Autonomi - realitet eller ideal?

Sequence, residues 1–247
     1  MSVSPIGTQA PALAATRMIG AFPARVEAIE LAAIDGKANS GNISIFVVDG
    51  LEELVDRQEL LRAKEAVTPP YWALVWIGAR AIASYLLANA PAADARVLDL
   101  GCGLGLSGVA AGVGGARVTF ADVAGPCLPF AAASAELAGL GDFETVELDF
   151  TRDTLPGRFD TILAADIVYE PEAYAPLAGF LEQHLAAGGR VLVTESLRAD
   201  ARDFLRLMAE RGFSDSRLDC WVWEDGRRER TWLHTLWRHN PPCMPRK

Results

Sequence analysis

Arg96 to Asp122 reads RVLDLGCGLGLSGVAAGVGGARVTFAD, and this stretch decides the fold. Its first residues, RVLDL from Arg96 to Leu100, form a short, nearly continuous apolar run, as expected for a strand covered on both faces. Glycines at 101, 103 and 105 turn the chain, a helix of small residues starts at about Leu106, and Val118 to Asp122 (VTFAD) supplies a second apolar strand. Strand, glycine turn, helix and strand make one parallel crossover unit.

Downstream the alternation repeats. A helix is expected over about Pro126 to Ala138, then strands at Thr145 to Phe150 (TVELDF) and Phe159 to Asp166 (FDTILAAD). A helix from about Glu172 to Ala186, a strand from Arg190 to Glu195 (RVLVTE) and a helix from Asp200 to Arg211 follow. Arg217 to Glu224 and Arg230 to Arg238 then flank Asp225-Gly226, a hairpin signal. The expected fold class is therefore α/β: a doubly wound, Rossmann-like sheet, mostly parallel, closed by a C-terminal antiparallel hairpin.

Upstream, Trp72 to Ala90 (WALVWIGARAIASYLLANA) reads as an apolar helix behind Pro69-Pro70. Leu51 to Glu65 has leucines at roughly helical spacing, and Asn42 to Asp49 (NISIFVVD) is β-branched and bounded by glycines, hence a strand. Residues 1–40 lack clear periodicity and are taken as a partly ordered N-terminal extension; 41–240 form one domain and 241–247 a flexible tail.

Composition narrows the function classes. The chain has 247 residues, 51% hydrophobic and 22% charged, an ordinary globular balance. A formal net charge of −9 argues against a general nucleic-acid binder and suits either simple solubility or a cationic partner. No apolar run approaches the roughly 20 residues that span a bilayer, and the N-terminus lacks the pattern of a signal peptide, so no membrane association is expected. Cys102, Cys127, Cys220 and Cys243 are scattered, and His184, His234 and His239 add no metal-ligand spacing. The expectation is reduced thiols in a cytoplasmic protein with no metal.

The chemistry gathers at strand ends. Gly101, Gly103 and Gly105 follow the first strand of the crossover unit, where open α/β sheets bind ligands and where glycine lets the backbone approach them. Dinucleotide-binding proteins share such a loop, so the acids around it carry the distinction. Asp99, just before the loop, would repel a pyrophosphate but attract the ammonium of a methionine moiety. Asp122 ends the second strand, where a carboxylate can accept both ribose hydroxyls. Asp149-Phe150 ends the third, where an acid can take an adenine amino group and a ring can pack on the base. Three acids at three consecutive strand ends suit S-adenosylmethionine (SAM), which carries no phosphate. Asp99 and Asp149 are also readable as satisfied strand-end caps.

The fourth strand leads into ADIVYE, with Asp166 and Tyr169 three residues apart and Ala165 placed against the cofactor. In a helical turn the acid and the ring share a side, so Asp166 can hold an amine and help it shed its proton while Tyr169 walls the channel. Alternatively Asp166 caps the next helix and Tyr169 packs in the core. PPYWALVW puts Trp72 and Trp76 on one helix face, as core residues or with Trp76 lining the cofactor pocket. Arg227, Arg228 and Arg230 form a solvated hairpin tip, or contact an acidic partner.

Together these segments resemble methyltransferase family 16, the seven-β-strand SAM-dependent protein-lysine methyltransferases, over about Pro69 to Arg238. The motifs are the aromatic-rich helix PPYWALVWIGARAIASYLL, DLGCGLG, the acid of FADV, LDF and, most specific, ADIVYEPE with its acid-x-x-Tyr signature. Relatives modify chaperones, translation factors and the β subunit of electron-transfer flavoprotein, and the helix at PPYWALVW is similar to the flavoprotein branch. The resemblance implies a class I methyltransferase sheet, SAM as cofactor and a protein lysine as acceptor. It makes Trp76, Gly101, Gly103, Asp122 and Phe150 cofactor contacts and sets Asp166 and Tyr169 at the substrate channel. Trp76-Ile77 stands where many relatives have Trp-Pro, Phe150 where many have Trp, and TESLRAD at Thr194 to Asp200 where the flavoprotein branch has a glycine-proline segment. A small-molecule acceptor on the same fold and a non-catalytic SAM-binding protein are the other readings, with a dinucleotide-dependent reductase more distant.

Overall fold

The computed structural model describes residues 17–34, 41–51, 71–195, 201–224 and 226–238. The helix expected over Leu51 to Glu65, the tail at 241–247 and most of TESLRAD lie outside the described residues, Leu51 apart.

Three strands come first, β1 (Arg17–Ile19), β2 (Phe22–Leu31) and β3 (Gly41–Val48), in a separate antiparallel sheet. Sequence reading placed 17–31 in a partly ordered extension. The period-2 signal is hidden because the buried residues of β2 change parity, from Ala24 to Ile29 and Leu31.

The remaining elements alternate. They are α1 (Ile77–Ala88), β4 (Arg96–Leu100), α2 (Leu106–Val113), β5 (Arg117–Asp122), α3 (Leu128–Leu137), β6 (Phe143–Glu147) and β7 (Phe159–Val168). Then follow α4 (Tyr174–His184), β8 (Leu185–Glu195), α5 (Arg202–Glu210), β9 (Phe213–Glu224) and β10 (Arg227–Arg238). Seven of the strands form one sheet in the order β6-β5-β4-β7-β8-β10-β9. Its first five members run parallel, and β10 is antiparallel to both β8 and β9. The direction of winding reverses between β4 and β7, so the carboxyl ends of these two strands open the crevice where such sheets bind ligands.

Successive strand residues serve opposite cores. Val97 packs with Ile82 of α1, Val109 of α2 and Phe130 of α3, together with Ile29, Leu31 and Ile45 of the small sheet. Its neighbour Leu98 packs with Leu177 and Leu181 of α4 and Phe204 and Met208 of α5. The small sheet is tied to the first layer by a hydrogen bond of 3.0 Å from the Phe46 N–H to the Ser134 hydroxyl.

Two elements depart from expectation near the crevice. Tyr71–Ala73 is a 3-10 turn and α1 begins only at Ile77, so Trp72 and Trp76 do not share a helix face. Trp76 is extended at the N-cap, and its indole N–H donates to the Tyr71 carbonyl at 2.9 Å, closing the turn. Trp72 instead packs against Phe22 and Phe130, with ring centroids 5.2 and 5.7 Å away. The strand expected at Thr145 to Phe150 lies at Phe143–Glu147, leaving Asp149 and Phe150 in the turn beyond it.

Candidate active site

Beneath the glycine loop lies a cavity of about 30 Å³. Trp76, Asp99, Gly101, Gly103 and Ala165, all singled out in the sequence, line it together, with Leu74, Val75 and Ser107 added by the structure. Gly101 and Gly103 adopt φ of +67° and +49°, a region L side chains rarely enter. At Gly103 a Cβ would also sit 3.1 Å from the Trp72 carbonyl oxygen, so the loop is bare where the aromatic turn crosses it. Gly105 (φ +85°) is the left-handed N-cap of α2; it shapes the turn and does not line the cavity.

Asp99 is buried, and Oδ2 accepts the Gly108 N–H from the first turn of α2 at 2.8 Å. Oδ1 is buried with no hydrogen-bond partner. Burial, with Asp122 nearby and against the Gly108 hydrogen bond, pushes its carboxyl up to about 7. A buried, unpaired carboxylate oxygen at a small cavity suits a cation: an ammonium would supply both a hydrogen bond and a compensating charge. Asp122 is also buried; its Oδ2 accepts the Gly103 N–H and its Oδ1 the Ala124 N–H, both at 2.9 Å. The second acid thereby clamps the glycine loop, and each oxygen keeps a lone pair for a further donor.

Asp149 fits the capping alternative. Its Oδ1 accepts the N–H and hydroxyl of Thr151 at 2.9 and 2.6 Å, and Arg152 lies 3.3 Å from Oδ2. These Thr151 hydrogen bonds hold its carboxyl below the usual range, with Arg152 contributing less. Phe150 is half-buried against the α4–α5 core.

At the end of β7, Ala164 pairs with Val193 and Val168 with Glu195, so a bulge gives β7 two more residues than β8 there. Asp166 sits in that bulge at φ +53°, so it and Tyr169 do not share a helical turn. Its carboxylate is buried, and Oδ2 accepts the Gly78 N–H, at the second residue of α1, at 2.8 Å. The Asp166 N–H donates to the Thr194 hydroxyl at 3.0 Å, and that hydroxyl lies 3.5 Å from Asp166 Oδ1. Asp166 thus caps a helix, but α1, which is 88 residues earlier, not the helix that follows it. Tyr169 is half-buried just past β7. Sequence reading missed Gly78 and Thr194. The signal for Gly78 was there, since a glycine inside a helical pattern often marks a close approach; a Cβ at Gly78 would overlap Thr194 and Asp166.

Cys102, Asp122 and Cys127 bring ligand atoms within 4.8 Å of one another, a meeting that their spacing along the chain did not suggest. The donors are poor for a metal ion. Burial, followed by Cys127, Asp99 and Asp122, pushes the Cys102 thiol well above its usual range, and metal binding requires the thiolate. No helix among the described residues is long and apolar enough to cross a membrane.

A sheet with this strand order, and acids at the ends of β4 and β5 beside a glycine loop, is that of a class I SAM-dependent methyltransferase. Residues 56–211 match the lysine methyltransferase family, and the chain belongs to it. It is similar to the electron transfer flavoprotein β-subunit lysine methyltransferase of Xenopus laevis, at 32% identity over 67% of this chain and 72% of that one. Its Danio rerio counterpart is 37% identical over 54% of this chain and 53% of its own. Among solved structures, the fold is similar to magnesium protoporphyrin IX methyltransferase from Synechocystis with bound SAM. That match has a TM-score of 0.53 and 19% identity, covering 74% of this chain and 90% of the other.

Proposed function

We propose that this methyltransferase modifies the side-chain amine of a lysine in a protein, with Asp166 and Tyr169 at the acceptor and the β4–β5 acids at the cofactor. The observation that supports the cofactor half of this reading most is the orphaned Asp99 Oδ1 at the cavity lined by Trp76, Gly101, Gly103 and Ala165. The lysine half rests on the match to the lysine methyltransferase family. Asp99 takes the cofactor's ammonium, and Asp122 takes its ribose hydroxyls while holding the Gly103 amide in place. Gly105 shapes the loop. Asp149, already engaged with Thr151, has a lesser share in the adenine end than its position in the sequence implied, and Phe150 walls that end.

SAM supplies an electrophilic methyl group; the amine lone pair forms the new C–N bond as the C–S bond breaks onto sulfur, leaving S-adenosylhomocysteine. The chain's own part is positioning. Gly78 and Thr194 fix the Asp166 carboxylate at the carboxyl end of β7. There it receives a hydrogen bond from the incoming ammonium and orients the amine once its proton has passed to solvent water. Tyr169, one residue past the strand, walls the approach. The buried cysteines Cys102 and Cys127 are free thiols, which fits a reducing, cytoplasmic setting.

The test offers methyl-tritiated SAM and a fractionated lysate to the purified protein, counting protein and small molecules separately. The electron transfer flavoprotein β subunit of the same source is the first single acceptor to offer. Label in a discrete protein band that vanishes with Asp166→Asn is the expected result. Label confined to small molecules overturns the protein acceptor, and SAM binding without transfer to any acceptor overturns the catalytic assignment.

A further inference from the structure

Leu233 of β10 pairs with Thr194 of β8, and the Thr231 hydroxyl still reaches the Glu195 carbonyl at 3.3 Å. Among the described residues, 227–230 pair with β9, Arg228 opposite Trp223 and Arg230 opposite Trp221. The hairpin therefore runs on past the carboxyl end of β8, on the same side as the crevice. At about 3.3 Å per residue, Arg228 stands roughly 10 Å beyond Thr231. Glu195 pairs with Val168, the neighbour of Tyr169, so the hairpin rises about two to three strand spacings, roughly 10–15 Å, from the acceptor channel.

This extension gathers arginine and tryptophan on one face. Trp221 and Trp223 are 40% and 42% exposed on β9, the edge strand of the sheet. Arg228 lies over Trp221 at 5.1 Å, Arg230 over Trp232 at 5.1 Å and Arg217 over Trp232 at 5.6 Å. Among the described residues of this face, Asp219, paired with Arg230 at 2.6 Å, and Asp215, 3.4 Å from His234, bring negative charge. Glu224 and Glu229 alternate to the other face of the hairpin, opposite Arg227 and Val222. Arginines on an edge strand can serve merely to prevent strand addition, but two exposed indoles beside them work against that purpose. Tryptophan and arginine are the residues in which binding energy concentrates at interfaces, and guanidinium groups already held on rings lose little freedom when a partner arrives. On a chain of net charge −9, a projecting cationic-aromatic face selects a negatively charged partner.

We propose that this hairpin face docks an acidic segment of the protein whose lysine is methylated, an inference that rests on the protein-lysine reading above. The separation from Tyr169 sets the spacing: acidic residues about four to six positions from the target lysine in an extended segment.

Sammanfattning: This work investigates the concept of autonomy in three contexts: in constitutional law (SA), in the philosophy of Immanuel Kant (KA) and in the contemporary philosophical discussion on personal autonomy (PA). Tracing the concept of autonomy historically, we highlight similarities and dissimilarities between different definitions. For example, Kant’s account of self-legislation is traced back to Samuel von Pufendorf’s theory of legislation. The main aim is to describe the difference between a descriptive and a normative interpretation of autonomy. Autonomy is presented as a relational concept, being on the one hand commonplace and concrete – individuals are mutually intertwined through various social relations and states of dependence – yet having also logical and conceptual aspects, in this work illustrated by a model where one entity (X) is autonomous in relation to another entity (Y) regarding a right or a capacity (Z). The X-Y-Z-model is applied throughout in the three above-mentioned contexts. Two main issues are discussed in the thesis: First, the contemporary discussion is characterized by the transition from “ought” to “is” – an inverse naturalistic fallacy, as it were. Personal autonomy is described as being factual, a psychological capacity people possess to a varying extent, but without any positive evidence presented for it being humanly possible. Being only seemingly descriptive, the concept is in fact normative, and the point of departure is an ideal outlook on human beings – how people should, or ought to, be. Thus, PA seems to imply that if human beings should, or ought to, be some certain way, then they are or can be in that way. A person’s irrationality and his lack of reason, however, is substantiated precisely by the fact that he, in spite of compelling evidence to the contrary, does not realize, or does not want to realize, that he is not solely rational or ruled by his intellect. In other words, it is not evident whether personal autonomy is a matter of theoretical reasoning, hypotheses, ideals or empirically established facts and realities regarding the autonomy of human beings. This is not entirely manifest in Kant’s account either, which leads to the second issue. Kant may, on one hand, as advocated in this work, be interpreted as presenting an ethical theory – hypotheses, ideals defining how human beings ought to be, that clearly differs from how he describes them to be. If, on the other hand, Kant is read as intending his theory to be put into practice in mundus sensibilis, then he joins the vast majority of thinkers, idealists, utopists, who through the centuries have insisted that their theories are applicable in practice, if not in the present, at least in an indeterminate future; if human beings were only a little less irrational, a little less predictably unpredictable, a little less controlled by their emotions and impulses, i.e. if man were what he is not, he would be able to live according to the ideals of reason.
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